Blog Entries from 12/2010
With 2011 just a few days away (1.5 to be exact), we thought it would be the ideal time to recap our most popular Hedge IT blog posts of 2010. We launched Hedge IT in April of 2010 to great fanfare (at least internally) and hope we haven’t disappointed you over the last nine months.
As we go into 2011, we’ll continue to publish new timely content every Tuesday and Thursday to keep you informed of the latest developments in hedge fund technology, operations and best practices. In 2011, you can look forward to seeing more video incorporated into our blog – we like to keep things interesting!
Without further ado, here is a rundown of our most popular 2010 blog posts. Not surprisingly cloud computing, regulations and hedge fund marketing top the list.
During our recent webinar on hedge fund due diligence, we received a number of questions regarding the SEC’s process for conducting routine examinations. To help simplify this process, we have provided two articles on what to expect during an examination, as well as the types of information that are typically requested by the SEC.
To further assist with this complex process, we have created a presentation on the topic. Check out the Hedge Fund SEC Examination Preparation Guide now!
Last week, we discussed some types of information a hedge fund can expect the SEC to request during a routine examination. We looked at the General Information, Compliance Program, Risk Management & Internal Controls, and Investment Activities sections. In Part Two, we’ll dive into the Portfolio Management, Broker Arrangement, Conflicts of Interest and/or Insider Trading, Performance Advertising and Marketing, and Financial Records categories.
Without further adieu, here are the remaining types of information you can expect to produce during an SEC routine examination:
We’ve held a number of events recently on hedge fund due diligence and one common question centers on the SEC’s examination process. Specifically, we hear a lot of hedge funds asking about the process the SEC examiners follow when conducting an examination of an Advisor under the Investment Advisers Act of 1940.
For this article we’ll focus on an SEC routine examination, which is typically scheduled based on the passage of time since a hedge fund has been examined. A SEC routine examination typically starts with a review of the hedge fund’s business and investment activities and its compliance policies and procedures. The SEC also often asks to speak with the hedge fund’s employees to ensure an understanding of the firm’s business and operations. From there, the SEC assesses whether the hedge fund’s policies and procedures effectively address the firm’s compliance risks.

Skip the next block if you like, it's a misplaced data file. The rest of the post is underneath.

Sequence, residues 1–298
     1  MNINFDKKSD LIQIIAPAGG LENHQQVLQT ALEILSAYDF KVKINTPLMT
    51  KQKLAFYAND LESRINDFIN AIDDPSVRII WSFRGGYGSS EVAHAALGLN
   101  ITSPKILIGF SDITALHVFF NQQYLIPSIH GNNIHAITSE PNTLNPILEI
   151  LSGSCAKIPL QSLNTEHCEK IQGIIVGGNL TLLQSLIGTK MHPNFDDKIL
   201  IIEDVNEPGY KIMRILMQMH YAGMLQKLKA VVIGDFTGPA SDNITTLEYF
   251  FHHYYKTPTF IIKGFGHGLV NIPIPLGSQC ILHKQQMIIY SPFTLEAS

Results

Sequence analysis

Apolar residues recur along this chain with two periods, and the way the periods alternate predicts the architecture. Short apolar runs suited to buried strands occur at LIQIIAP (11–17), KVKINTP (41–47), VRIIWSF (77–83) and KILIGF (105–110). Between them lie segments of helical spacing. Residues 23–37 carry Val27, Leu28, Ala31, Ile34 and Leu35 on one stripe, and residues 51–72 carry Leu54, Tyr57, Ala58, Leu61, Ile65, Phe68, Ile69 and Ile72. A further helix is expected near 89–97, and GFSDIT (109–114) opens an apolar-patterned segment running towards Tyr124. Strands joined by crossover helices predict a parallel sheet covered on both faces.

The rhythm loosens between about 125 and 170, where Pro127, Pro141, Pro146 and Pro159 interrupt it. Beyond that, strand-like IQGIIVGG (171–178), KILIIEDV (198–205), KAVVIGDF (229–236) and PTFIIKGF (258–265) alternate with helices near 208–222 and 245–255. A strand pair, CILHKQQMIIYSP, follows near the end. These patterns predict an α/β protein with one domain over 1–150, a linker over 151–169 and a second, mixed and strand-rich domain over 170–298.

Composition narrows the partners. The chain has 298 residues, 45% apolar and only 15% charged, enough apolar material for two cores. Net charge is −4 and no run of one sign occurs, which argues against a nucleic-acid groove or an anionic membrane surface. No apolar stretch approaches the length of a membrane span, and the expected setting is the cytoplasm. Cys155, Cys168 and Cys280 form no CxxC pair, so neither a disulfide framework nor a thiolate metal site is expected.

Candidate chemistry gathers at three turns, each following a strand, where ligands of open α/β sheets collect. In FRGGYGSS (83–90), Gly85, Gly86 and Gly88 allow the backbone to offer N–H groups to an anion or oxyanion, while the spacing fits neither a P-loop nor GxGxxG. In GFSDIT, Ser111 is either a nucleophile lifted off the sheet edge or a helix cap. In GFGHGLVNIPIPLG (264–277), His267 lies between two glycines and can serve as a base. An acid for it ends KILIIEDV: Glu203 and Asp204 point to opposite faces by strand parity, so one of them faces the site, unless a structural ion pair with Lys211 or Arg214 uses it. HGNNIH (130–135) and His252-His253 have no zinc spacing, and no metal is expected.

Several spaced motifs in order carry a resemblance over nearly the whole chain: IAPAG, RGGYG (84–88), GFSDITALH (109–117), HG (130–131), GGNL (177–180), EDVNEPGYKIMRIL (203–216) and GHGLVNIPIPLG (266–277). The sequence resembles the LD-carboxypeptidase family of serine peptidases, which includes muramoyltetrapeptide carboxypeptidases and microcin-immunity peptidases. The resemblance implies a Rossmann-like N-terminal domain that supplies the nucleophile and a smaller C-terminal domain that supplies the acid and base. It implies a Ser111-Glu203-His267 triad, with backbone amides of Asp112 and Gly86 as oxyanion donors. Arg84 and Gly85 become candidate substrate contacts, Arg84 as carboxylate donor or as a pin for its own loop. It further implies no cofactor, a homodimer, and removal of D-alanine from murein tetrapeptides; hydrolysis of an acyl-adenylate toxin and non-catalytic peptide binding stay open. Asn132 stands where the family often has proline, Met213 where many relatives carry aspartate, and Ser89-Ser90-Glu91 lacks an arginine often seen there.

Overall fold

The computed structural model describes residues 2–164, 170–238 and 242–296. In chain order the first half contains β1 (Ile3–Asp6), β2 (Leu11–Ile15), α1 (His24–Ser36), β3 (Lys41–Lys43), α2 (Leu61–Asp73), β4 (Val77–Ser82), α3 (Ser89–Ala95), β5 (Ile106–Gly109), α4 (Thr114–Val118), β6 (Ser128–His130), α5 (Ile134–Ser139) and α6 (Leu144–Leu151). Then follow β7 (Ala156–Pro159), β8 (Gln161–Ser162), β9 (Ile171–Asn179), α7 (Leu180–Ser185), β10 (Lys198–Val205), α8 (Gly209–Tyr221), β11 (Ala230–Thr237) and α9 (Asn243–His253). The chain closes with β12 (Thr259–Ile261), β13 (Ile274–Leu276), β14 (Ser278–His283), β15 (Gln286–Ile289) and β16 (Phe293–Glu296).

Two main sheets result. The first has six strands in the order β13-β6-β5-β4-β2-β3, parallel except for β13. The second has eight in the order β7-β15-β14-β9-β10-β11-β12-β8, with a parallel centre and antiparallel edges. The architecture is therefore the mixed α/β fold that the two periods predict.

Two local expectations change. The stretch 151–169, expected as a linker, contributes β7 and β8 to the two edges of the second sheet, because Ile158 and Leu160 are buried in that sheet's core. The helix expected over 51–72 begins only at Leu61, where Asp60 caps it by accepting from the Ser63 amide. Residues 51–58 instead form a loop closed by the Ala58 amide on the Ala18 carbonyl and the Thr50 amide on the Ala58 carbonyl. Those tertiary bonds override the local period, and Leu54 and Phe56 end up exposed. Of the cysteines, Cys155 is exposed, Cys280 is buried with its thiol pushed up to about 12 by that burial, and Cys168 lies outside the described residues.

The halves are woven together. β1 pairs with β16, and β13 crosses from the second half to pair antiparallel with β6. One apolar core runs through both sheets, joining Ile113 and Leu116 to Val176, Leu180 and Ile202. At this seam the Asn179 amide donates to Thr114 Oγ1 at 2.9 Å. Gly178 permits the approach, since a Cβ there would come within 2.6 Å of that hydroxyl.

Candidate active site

This two part article lists the type of information requested by the SEC during a hedge fund routine examination.
In Part One of Bob Guilbert’s interview with HFMWeek, he discussed the increasing call for sound disaster recovery solutions, prompted by changing regulations and operational due diligence. In Part Two, Bob talks about tape back-up as a disaster recovery solution and the growing trend of cloud computing.
HFM: Is tape back-up secure enough as part of an effective disaster recovery solution
BG: It is our opinion that tape back-up is not efficient or sufficient enough in order to have an effective disaster recovery solution [for hedge funds]. Tape-back up gives you a very low RPO and RTO, and there is high-risk in using tape alone to enable disaster recovery. The biggest risks are, firstly, that the data is restored properly from the tape. We have seen multiple instances where data is written to tape, but recovering it does not always work properly. Secondly, if you do have some form of a disaster and you have your data stored on tape and the disaster destroys your primary computer systems, you have nowhere to recover the data. Unless you have idle resources or idle servers available, it makes it very difficult to recover the data to an operating platform.
Hedge funds have known for some time the importance of effective disaster recovery, and regulation increasingly enforces this as a requirement. For any system to be effective, however, there are a number of factors which need to be considered prior to implementation. Eze Castle’s Managing Director Bob Guilbert recently sat down with HFMWeek to talk about the importance of disaster recovery plans for investment firms.
HFMWEEK (HFM): What are some of the key factors driving the increasing call for sound disaster recovery solutions in the investment industry?
BOB GUILBERT (BG): The increasing call is driven by regulation as well as the desire by the investment community to see best practices in operation. They want to ensure that hedge funds have robust business practices surrounding disaster recovery and business continuity planning in the event of some type of failure, whether it is a major disaster or something as simple as a broken pipe.
Welcome to part two of ‘How to Run an Effective Meeting.’ Below are some additional techniques for running an effective meeting. We also have a presentation that encapsulates all these great pointers.
Stay on topic: When conversation strays, your job as meeting leader is to rein it in and bring the discussion back to the items listed on the meeting agenda and/or meeting minutes.
Communicate results: Even if you cover all your agenda items, results are the only real evidence of an effective meeting. The most effective method for tracking results is to wrap-up the meeting by discussing action items and communicating them via the meeting notes. At the next meeting, review your progress and make adjustments as needed. If no progress has been made, you may need to either reassess the purpose of your meeting minute item or step-up your efforts to hold participants accountable for their follow-up responsibilities.